Beyond the normal use of wiping a sheet across your skin, we tested for sheet strength in two ways: using both hands to stretch a sheet until it broke, and cleaning off the bottoms of bare feet. The bare feet test was helpful because it’s important to take care of your feet and they are often some of the dirtiest body parts after a day in the field — yet they can be rough enough to tear up cheaper wipes and can be difficult to clean.
Size of the wipe and how much of your body it cleans
Wipes come in many different sizes. The ones we tested ranged from 6 x 6 up to 10 x 12 inches.
There was an interesting debate about whether it was better to use big or small wipes. Imagine there are two packages, one with 10 large wipes and the other with 30 small wipes. Let’s say that it takes one large wipe to clean your whole body and three small wipes to do the same. Which is better?
There are some potential “a la carte” advantages to smaller wipes, where you can use one just to wipe your hands and feet or clean the cooking utensils without wasting the rest. But in practice we found the larger sheets to be much better for a variety of reasons and did not find ourselves in many situations where we wished we had smaller sheets.
That said, it’s more important to measure “how many full body showers do I carry in my bug out bag?” rather than “how many wipes does this package have?”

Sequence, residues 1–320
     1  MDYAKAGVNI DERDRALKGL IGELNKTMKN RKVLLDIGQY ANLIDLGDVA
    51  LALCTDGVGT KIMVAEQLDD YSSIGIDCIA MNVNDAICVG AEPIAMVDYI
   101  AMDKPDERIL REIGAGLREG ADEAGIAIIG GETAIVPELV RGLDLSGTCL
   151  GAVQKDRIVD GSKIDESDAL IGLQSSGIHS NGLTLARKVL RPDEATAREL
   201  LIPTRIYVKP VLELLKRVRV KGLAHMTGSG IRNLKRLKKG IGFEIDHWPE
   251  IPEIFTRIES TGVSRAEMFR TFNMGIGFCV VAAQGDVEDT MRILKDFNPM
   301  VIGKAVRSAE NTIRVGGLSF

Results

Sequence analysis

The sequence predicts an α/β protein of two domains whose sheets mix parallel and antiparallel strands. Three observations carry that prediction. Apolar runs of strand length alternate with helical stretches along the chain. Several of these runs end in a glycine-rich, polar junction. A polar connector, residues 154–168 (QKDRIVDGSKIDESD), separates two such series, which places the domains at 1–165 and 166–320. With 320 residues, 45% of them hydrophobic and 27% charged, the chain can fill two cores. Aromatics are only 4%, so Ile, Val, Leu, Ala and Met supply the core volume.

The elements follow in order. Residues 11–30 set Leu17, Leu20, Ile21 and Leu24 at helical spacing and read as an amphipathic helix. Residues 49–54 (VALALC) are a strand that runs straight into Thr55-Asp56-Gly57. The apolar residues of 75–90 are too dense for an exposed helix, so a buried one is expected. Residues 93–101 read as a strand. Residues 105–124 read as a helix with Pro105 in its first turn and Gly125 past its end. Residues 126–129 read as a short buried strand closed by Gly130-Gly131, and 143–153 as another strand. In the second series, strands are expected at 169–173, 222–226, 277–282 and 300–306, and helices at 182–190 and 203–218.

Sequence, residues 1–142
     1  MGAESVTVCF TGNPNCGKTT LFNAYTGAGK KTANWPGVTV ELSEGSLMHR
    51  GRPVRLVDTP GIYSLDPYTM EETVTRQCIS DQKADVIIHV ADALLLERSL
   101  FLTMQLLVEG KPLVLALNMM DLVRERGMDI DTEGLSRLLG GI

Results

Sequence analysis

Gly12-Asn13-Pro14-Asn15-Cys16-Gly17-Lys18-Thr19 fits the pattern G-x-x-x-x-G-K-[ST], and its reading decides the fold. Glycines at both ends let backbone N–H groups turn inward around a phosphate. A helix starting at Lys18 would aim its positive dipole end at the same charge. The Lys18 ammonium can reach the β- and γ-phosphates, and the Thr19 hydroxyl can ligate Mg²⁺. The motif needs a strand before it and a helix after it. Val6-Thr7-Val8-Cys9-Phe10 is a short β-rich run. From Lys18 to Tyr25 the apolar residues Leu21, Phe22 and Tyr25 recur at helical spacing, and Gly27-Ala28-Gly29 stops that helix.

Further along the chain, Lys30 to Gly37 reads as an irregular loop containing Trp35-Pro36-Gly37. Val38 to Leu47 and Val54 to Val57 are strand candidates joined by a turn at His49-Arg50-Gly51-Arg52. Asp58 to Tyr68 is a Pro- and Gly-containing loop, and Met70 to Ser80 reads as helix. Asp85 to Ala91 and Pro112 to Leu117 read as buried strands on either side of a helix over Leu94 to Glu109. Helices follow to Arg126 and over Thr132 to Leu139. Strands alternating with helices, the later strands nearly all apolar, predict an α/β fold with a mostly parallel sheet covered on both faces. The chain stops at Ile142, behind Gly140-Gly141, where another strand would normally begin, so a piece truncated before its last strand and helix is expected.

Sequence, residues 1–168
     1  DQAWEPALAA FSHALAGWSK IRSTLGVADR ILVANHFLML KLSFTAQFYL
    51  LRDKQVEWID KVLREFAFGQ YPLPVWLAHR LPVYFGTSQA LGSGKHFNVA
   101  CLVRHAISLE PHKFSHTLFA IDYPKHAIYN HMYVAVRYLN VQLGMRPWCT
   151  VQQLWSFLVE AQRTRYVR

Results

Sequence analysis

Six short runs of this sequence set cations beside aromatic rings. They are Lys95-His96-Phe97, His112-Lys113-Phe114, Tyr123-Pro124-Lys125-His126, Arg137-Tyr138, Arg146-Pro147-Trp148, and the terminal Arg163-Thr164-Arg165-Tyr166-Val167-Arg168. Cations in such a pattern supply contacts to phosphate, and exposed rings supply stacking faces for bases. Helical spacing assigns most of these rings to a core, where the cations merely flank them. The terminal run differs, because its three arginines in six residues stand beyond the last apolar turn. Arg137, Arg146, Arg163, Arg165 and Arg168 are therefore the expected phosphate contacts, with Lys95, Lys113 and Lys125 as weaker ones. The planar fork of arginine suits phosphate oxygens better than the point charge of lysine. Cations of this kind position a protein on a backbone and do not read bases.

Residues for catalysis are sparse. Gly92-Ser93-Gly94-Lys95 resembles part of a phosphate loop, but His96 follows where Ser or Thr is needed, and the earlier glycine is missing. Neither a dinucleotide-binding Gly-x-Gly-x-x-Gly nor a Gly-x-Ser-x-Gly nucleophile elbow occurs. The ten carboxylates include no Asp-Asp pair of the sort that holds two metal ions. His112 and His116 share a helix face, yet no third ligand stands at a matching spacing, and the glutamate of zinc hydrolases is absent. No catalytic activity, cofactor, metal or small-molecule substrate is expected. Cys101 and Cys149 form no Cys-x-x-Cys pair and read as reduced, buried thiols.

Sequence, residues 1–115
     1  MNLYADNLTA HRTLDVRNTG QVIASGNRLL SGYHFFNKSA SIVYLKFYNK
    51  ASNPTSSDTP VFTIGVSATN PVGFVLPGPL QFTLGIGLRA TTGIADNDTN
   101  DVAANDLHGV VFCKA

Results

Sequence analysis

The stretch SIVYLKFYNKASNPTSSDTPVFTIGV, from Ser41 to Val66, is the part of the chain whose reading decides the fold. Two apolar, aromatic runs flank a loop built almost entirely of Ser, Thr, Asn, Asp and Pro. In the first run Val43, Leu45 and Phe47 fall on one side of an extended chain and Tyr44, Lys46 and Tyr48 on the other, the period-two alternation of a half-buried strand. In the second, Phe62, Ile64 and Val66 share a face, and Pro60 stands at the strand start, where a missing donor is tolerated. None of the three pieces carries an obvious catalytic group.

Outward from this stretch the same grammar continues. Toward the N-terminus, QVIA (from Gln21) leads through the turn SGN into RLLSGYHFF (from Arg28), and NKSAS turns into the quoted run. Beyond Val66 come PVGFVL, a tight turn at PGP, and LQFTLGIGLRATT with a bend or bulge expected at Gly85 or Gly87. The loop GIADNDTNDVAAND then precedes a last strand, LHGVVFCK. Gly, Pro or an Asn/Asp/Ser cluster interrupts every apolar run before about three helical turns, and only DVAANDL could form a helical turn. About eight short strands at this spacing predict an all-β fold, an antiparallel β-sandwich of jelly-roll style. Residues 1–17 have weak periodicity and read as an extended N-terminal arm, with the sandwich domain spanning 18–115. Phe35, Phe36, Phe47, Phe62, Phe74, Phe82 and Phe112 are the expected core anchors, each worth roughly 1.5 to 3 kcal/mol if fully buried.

In other words, it might be more space and weight efficient to have one big sheet that cleans 100% of your body than three smaller sheets to do the same job.
Some products instructed that you use one wipe for each distinct part of your body. We thought that was either silly marketing to get you to use (and buy) more or meant the wipe just wasn’t that great — in either case, we ignored those instructions and used our judgment.
We tested each wipe to see what percentage of an adult body it would clean. This was measured during the daily shower test. Each wipe-shower started on the left foot and followed the same path and method across the body. The adult man is 6’5” tall, 240 pounds and the adult woman is 5’8”, 150 pounds.
We measured how far each wipe got before we judged that it had stopped cleaning effectively. Most wipes ended up around 70% on the man and 80% on the woman, although some were as high as 100% and as low as 50%.
Cleaning food utensils